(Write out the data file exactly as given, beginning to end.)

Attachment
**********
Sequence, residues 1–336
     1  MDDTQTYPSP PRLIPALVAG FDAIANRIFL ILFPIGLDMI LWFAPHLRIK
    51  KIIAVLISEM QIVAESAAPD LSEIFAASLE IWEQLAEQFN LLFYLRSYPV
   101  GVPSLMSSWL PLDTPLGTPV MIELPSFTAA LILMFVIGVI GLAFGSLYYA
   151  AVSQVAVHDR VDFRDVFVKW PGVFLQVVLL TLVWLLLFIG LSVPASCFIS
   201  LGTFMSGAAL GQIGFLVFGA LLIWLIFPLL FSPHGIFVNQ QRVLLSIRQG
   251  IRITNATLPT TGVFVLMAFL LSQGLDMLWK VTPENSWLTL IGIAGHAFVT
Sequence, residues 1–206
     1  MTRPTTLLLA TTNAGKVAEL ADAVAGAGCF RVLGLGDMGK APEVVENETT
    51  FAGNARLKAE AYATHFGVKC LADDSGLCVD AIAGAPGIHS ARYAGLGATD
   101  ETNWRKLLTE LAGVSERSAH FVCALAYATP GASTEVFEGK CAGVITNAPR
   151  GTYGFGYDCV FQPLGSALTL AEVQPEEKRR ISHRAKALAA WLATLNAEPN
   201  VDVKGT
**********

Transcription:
Sequence, residues 1–336
     1  MDDTQTYPSP PRLIPALVAG FDAIANRIFL ILFPIGLDMI LWFAPHLRIK
    51  KIIAVLISEM QIVAESAAPD LSEIFAASLE IWEQLAEQFN LLFYLRSYPV
   101  GVPSLMSSWL PLDTPLGTPV MIELPSFTAA LILMFVIGVI GLAFGSLYYA
   151  AVSQVAVHDR VDFRDVFVKW PGVFLQVVLL TLVWLLLFIG LSVPASCFIS
   201  LGTFMSGAAL GQIGFLVFGA LLIWLIFPLL FSPHGIFVNQ QRVLLSIRQG
   251  IRITNATLPT TGVFVLMAFL LSQGLDMLWK VTPENSWLTL IGIAGHAFVT
Sequence, residues 1–206
     1  MTRPTTLLLA TTNAGKVAEL ADAVAGAGCF RVLGLGDMGK APEVVENETT
    51  FAGNARLKAE AYATHFGVKC LADDSGLCVD AIAGAPGIHS ARYAGLGATD
   101  ETNWRKLLTE LAGVSERSAH FVCALAYATP GASTEVFEGK CAGVITNAPR
   151  GTYGFGYDCV FQPLGSALTL AEVQPEEKRR ISHRAKALAA WLATLNAEPN
   201  VDVKGT